On the eve of the New Hampshire primary, nine candidates for the Republican presidential nomination remain. All are staunch critics of Obamacare.
But they differ on what they’d put in its place. One point of tension? How to replace Obamacare’s overly complicated subsidy system.
The GOP roughly falls into two camps — those who would prefer to allow Americans to deduct a portion of the cost of health insurance from their income taxes, just as businesses can, and those who would grant individuals age-based refundable tax credits to help cover the cost of coverage.
Those in the latter camp have the better argument. Such credits represent the most effective way to make health insurance affordable and accessible to the greatest number of Americans.
Universally available individual tax credits would help rid the U.S. healthcare system of one of its biggest problems — the inequity between those who get health insurance through work and those who must purchase it on their own.
Employers can book the cost of health insurance for their workers as a business expense. So health coverage is effectively tax-free compensation for employees, even though their wages are deflated as a result. In contrast, those who buy insurance on their own — or pay health bills out of pocket — must do so with after-tax dollars.
As a result, a total of 160 million people get coverage through work.
Because a dollar of untaxed health insurance is “worth” more than a dollar of taxed wages, individuals and firms understandably seek out overly generous health plans. That generosity shields people from the true cost of their care — and encourages them to consume more of it than if they were paying for it themselves.
The result? Inflated overall health spending.
Obamacare addressed this distortion — but poorly. The law created a scheme of subsidies dependent on three separate variables: a person’s income, the federal poverty level, and the cost of the second-cheapest mid-level “Silver” plan available on Obamacare’s exchanges in a person’s location.
Since these three numbers vary from year to year, a person’s subsidy can change markedly. If the benchmark Silver plan drops in price one year, so does the subsidy. That change can leave people stuck with huge increases in their net premiums.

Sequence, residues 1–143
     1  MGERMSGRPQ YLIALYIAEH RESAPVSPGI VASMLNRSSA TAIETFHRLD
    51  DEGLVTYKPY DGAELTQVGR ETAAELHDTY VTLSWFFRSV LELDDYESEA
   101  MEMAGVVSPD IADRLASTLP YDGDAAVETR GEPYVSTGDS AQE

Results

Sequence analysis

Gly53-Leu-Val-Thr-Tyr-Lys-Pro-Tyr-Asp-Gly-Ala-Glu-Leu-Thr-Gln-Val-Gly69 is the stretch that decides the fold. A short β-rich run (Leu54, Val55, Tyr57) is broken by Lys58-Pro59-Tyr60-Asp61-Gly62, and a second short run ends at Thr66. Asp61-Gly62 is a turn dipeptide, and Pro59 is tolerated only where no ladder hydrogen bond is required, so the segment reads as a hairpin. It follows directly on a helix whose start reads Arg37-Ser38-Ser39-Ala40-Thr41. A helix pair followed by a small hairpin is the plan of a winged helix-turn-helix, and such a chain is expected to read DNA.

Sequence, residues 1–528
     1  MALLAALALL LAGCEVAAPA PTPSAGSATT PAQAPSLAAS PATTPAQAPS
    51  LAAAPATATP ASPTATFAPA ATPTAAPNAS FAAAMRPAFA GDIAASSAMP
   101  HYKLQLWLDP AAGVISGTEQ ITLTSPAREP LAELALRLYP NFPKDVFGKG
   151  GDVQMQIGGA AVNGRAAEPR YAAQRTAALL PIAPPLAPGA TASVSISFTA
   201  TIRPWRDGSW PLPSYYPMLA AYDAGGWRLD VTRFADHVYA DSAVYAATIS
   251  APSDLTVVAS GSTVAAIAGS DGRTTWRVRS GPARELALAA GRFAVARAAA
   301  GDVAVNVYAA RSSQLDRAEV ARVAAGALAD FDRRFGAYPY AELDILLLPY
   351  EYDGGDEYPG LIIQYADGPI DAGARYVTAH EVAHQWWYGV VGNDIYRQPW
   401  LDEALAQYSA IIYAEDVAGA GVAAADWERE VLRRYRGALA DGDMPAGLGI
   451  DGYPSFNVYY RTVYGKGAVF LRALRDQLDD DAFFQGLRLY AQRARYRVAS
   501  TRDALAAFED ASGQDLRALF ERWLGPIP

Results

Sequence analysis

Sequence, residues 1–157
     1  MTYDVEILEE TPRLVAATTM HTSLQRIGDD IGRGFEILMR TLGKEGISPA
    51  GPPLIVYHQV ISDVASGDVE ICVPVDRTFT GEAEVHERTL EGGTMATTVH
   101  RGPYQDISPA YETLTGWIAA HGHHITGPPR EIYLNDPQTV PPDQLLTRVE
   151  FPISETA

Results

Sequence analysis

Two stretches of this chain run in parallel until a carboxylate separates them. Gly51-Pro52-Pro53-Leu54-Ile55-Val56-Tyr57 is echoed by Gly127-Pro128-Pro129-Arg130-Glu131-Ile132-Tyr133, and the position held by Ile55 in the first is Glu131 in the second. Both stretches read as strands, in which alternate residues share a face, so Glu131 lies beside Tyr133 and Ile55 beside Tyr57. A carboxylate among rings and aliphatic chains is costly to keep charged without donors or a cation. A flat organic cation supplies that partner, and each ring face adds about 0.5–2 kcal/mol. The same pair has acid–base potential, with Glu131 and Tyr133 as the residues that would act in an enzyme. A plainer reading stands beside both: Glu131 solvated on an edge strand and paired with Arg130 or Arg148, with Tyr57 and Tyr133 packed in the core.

Likewise, someone who gets a small bump in salary can see his subsidy shrink dramatically as the subsidy rate drops. This means that some people could turn down a promotion if it means their income would rise too much.
At tax time, a person who receives a subsidy must reconcile his actual income with his original estimate. If his income is higher, he must refund the government part of his subsidy out of his own pocket — even though the original subsidy went straight to the insurance company from whom he purchased coverage.
Age-based refundable tax credits are a more straightforward way to help people pay for insurance.
As I’ve noted in my new book, The Way Out of Obamacare, these credits should be set at the following levels: $1,200 for those aged 18 to 35, $2,100 for those 35 to 50, and $3,000 for anyone over 50. Families should also receive $900 for each child covered.
According to Dr. Jeffrey Anderson of the Hudson Institute, such credits would cover most — if not all — of the premium for a basic pre-Obamacare insurance plan in most states. Anderson’s analysis is based on a report from the U.S. Government Accountability Office. The agency found that individual insurance plans were surprisingly inexpensive prior to Obamacare’s tsunami of mandates and regulations.
This credit isn’t a new entitlement program. It merely puts employer-provided insurance and the individual market on equal footing. Since no one would stand for eliminating the employer tax exclusion outright, extending it to the individual market makes perfect political sense.
Some Republicans have proposed simply making the cost of an individual policy 100 percent tax-deductible. But such a change would do little to expand access to insurance. A little less than half of all Americans pay no income tax already. Making the cost of health insurance tax-deductible would do little to help them pay for policies.
A tax deduction for health insurance also benefits the wealthy disproportionately more than the poor. That’s not a winning political sales pitch for Obamacare’s critics.
Other Republican plans agree on the value of a refundable credit but would pay it to insurance companies. They would also base the credit on both income and age.
That’s a mistake for two reasons.
First, means-testing new health insurance tax credits is little different from the Obamacare status quo. It would also be pointless. Most wealthy people wouldn’t claim the credit anyway, as they’re likely to already have coverage through work.
Second, giving the credit to insurers would not tamp down health spending as much as handing it to individuals would. If consumers were directly responsible for spending their credits, they’d be more likely to shop around for the best deal on insurance — or to save any excess credit in a tax-advantaged Health Savings Account.
Age-based refundable tax credits will help Americans purchase health insurance fairly and efficiently. They should be at the center of a single GOP replacement plan for Obamacare.